Nicaragua’s top cop is asking INTERPOL to lift its international capture order for Sandinista government employee Edén “Comandante Cero” Pastora.
Eden Pastora (photo/ Tim Rogers)
In a letter dated Dec. 26, Nicaraguan Police Commissioner Aminta Granera asked INTERPOL secretary general Ronald Noble to “immediately eliminate” Pastora’s name and record from its international wanted persons list. Pastora, 76, was put on the wanted list earlier this month at the request of Costa Rica, where the former guerrilla leader is accused of usurping public property and violating that country’s forestry law. Pastora allegedly committed those crimes while working as a dredge boat captain in the service of the Sandinista government.
Pastora responded to the capture order by calling INTERPOL’s directors “crazy.” He says the warrant is inapplicable because he was working as a government employee, and that Costa Rica’s request to include him on the international wanted list is a sad act of desperation by an unpopular government.
The Nicaraguan Police apparently agree with Pastora’s assessment of the situation. Granera’s letter to the INTERPOL director makes it clear that the Nicaraguan Police have no intention of upholding the international capture order.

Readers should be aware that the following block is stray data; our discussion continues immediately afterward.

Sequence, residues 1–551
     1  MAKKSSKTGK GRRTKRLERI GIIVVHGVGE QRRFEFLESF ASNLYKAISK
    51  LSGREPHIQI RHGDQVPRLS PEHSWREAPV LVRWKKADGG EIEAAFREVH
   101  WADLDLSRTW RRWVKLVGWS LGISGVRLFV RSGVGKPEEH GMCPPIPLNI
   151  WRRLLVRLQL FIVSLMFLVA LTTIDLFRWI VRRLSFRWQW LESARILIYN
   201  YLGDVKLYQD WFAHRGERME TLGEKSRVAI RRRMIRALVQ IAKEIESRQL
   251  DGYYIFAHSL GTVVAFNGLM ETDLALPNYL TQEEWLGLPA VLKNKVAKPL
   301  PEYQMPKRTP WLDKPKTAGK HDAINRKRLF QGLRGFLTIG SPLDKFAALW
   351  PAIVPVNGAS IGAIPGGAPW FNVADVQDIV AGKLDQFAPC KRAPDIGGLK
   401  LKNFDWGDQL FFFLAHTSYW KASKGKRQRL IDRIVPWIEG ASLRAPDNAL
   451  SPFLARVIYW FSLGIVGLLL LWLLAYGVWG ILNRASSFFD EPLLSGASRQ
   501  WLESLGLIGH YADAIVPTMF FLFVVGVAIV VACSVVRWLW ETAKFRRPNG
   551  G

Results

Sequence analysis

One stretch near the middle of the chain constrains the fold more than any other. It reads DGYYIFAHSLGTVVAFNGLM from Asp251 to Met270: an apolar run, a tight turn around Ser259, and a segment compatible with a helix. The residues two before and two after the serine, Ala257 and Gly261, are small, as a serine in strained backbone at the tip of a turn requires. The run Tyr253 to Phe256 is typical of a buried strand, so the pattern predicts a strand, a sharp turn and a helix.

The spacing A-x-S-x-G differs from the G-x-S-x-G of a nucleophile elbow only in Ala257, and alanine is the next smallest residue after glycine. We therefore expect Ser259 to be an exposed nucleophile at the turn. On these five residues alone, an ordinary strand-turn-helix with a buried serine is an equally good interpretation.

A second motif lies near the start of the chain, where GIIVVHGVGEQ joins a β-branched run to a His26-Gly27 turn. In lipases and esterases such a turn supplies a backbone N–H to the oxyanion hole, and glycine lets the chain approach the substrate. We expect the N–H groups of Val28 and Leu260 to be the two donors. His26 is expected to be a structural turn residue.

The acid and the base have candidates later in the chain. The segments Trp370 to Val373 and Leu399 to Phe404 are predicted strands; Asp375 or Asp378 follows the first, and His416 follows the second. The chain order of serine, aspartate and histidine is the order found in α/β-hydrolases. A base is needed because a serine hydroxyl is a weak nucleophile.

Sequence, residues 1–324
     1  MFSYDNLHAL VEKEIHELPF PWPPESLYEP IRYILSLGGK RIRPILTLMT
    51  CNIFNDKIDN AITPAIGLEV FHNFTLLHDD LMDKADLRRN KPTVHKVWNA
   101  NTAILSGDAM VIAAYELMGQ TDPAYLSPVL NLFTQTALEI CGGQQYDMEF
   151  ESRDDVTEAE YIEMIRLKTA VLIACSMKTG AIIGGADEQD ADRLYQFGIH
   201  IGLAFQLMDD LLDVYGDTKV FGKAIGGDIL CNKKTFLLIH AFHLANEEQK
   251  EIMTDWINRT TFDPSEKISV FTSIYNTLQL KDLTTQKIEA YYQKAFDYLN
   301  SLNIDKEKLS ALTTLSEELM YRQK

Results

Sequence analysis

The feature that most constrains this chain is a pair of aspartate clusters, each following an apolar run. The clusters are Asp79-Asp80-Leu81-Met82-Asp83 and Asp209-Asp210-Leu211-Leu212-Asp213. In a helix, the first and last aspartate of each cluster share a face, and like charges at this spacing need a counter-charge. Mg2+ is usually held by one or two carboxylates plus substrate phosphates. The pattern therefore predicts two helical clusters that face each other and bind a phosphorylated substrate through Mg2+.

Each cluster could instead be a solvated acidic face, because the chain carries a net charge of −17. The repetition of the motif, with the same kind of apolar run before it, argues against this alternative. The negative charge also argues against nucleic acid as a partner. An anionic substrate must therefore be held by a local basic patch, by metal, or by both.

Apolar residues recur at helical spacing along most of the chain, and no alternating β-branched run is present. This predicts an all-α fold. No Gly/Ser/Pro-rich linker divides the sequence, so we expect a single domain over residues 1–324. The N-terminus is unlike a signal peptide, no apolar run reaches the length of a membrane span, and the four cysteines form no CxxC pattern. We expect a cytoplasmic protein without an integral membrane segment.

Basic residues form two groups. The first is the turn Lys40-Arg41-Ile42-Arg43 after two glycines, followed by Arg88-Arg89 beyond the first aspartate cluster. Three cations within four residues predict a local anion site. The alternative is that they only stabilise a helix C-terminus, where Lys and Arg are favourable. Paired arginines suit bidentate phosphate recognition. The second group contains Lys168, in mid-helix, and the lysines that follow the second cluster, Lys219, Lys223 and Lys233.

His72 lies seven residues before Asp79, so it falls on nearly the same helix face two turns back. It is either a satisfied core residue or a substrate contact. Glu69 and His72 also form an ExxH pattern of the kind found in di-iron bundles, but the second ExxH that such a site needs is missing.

Instead, the Nicaraguan police chief challenges the validity of the warrant by arguing that Costa Rica is in violation of INTERPOL’s statues, principles and objectives. Furthermore, Granera argues, the alleged crimes committed by Pastora occurred on border land that is subject to an ongoing international dispute before the International Court of Justice (ICJ).
The Nicaraguan police chief’s letter goes on to echo the Sandinista government’s argument that the capture order for Pastora is evidence that the INTERPOL office in Costa Rica is acting in “bad faith” and jeopardizing the neutrality of the global organization by attempting to “utilize it for political goals.”